Aegean offers concessions for Olympic deal, EU decision by April 23

BRUSSELS, March 26 Tue Mar 26, 2013 8:41am EDT

BRUSSELS, March 26 (Reuters) - Greece's Aegean Airlines has offered concessions to try to win approval for its second bid for rival Olympic Air, EU antitrust regulators said on Tuesday, extending their review of the takeover deal to April 23.

Aegean has said the 72-million-euro ($93 million) bid is key to its survival in Greece's shrinking air transport market, as the bailed-out country suffers a protracted recession.

The European Commission announced the new deadline for a decision on its website, but did not give details of the concessions offered, in line with its standard policy.

Aegean agreed to buy Olympic from Marfin Investment Group (MIG) in October.

Some antitrust experts said its chances of winning clearance may have improved due to its shrinking market share and the recent addition of Cyprus Airways routes into Greece.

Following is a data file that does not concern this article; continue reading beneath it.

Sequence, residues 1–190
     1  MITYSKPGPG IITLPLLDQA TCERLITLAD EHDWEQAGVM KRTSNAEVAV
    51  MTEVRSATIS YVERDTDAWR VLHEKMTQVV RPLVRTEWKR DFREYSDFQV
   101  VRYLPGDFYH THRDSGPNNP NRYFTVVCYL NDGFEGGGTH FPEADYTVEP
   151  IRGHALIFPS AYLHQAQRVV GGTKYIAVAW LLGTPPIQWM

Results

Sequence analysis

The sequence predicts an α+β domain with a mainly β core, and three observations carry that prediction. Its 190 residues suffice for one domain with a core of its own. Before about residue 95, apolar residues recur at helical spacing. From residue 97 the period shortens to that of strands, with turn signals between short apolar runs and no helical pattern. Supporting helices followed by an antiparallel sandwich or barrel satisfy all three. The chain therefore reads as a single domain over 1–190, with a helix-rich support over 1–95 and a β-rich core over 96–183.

But that argument might be undermined by an investigation opened by competition regulators earlier this month into state aid granted to the Cypriot airline.

The Commission blocked Aegean's 170-million-euro first bid two years ago to buy debt-ridden Olympic, because of the dominance the group would have had on the domestic market.

And the Commission, which acts as competition regulator in the 27-country European Union, last month rejected a third attempt by Ryanair to buy Aer Lingus, again citing the merged company's market dominance.

The only time the Commission has cleared a deal after blocking it the first time was when packaging firm Tetra Laval and rival Sidel won approval in 2003 after a court challenge.

Olympic, founded in 1957 by the late shipping magnate Aristotle Onassis, went into a steady decline after being operated for decades by the Greek government, saddling the state budget with losses.

The tourism industry accounts for about one in five jobs in Greece, making it a key part of economic recovery.

($1 = 0.7763 euros) (Reporting by Foo Yun Chee; Editing by Mark Potter)

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